It used to be a running joke that when my brother visited the States from London he invariably brought the weather with him. He never found it funny, I now have a better understanding of why.
Four years ago, Pascal and I got married. While I meticulously planned the invitations, décor, and menu (albeit not without some input from him) he got started on the honeymoon. Our choice of a September wedding precluded the obvious Caribbean destinations due to hurricane risk; he would have to look farther afield. And to his credit, he decided to keep it a surprise only to be revealed as we flew over the Atlantic days before our nuptials.
After tying the knot, we were to return back to London, change bags and head back to the airport to begin our eastward journey towards the dry season of South East Asia. The trip itself was wonderful: Indonesia and Thailand. A mixture of culture and beach, great food, lovely people and, shockingly, rain. And not just any rain, all encompassing, can’t stay dry no matter how big your umbrella is rain. We took it in stride. Temples shrouded in mist, an excuse for a lazy day out of the sun but when we arrived in Bangkok camping out in our hotel room didn’t seem like the best option. We wanted to see the city, how were we going to do that without venturing outdoors? A full day cooking class was the answer, complete with market tour (rain or shine). And off we went.
The first half (and thankfully drier half) of the course was devoted to the market. We sourced our ingredients; met the durian fruit; saw piles of white powder on offer (MSG in case you were wondering) and marvelled at how foreign everything was. Once finished it was back to the kitchen.
We chopped and ground and fried and poached and learned to make a handful of things. But if I took anything away it was Thai curry. That day we made our own. Panang I think it was. And I encourage you to do so too, once! Then find the type you like and buy some paste. The cooking school recommended Mae Ploy as the brand they liked the best. When looking for it the other day at my nearest Asian specialty store, the woman (jury's still out on that one, actually) told me to take another brand, “all the restaurants use it”, she said. It was good and came in small packets so I could try a bunch of different flavours. For me, one brand is as good as another.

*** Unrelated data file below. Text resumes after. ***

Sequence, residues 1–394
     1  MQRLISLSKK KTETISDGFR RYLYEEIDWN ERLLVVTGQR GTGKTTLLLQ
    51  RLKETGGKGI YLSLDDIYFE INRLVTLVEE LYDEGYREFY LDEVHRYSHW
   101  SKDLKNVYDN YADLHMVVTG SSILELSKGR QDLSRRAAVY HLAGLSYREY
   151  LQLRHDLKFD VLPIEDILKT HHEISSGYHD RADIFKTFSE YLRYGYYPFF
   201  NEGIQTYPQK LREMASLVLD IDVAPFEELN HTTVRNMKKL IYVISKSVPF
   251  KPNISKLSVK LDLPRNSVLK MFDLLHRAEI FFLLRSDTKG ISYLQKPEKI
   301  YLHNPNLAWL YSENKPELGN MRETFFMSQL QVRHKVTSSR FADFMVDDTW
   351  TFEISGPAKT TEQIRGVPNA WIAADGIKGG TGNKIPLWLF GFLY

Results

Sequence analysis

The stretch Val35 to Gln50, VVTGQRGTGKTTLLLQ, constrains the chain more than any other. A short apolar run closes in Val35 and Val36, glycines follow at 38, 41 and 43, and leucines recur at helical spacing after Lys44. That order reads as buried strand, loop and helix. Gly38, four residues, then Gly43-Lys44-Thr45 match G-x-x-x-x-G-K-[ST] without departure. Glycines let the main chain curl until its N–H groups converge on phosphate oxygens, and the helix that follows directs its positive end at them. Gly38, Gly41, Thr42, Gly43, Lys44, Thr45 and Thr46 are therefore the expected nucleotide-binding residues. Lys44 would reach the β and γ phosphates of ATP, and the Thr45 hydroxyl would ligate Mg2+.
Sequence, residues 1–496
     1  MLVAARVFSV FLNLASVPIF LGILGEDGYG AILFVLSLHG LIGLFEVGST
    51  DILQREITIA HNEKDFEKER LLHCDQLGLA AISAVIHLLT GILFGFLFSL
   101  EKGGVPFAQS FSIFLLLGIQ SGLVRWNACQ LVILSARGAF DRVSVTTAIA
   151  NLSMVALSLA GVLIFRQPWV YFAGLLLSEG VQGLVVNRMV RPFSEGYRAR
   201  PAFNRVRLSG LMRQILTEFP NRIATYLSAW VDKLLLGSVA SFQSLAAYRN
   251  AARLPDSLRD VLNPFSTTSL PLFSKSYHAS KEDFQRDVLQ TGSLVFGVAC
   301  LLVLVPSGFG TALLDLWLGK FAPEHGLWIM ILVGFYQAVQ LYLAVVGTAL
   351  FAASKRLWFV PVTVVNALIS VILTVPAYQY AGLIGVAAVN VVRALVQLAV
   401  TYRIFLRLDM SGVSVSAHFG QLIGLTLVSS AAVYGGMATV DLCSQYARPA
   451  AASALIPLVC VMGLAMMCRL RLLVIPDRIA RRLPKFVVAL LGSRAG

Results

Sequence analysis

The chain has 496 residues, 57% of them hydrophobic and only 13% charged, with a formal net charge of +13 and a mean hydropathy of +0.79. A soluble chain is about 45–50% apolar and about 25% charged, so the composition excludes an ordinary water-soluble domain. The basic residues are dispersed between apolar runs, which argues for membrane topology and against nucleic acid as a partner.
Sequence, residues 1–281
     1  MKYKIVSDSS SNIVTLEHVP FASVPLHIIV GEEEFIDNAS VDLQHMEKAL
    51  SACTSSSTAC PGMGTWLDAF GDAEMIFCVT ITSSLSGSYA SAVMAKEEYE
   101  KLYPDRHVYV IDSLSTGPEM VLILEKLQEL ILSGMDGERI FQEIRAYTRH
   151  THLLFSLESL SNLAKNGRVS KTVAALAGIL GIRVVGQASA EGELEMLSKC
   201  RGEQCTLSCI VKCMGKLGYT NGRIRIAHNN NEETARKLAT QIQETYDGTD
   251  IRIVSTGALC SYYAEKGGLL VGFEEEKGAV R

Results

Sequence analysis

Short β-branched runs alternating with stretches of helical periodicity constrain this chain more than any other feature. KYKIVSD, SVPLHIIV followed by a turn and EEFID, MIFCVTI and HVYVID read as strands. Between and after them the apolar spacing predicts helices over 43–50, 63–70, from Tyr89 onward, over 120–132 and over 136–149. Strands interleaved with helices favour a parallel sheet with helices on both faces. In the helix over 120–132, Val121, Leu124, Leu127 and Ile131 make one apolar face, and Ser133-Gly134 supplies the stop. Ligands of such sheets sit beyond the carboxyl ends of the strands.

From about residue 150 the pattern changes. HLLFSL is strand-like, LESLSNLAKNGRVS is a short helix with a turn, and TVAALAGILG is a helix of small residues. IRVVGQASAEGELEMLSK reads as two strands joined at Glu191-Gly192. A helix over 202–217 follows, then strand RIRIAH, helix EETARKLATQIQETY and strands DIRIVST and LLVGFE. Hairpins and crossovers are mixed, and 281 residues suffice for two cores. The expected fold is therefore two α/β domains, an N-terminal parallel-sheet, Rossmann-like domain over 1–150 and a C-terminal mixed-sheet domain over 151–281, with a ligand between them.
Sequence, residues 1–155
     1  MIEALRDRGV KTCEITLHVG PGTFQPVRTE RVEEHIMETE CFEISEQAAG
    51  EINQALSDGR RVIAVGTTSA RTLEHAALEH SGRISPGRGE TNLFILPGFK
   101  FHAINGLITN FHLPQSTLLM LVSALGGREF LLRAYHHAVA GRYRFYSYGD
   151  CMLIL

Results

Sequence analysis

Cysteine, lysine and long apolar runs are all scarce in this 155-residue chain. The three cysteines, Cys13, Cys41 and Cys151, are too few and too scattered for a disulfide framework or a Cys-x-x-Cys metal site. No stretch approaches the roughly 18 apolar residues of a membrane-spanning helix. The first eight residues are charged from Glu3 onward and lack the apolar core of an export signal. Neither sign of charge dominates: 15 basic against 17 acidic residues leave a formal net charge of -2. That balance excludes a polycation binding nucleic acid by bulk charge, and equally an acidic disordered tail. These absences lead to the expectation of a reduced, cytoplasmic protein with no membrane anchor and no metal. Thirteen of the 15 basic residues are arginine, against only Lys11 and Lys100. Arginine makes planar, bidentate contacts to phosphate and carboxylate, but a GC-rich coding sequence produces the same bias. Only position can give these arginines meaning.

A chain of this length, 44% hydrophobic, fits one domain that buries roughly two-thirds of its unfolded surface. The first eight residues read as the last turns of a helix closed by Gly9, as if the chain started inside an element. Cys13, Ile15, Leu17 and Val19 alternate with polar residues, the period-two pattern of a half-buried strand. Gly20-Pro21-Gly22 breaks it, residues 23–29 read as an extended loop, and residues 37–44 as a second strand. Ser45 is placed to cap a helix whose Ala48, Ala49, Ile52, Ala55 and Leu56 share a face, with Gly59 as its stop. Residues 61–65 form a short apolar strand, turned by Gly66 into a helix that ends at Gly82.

Thai curry has become my go to weeknight meal. It is great for using up mangy looking vegetables and is as satisfying with only vegetables as it is with meat. You just need to be a little prepared, or well-stocked, I should say. A trip to the Asian food store is worthwhile because once you have the ingredients you are more likely to make more Asian style foods. For Thai dishes, the basics include: curry paste, fish sauce, rice vinegar, coconut milk (one can is usually good for two people so buy a couple) and Kaffir lime leaves (frozen). While you are there, pick up some sesame oil, soy sauce, palm sugar, mirin and some hot sauce of your choice.
So assuming you did your shop, you will also need some garlic and ginger. Chillies optional. Some stock or bullion. Vegetables and maybe some chicken.
For two people, fry a tablespoon or two of curry paste in some olive oil being careful not to burn it. Curry paste includes ginger and garlic but I like to add some more, so add the ginger and garlic. Microplane is easiest here. Add the chillies if you plan to and a bit of fish sauce. Fish sauce replaces salt.
Wait until the mixture become fragrant and add a little of your coconut milk just so the paste and the coconut milk incorporate. By doing this slowly you reduce the risk of the coconut milk splitting, which isn’t the end of the world but we’d rather it didn’t happen. Just keep adding until it’s all in and smooth.
Now add your thinly sliced kaffir lime leaves. The easiest way to do this is by rolling them into a cigar and slicing them that way.
Add your vegetables. Start with the ones that take the longest. You may want to add some stock or water to thin out the consistency. I usually have some vegetable bullion on hand and use that. When all of the vegetables look they are about 5 minutes away from done add the chicken if you are using it. It will poach gently in the liquid.
Now curry does not a pretty picture take but it's sure to warm your spirits.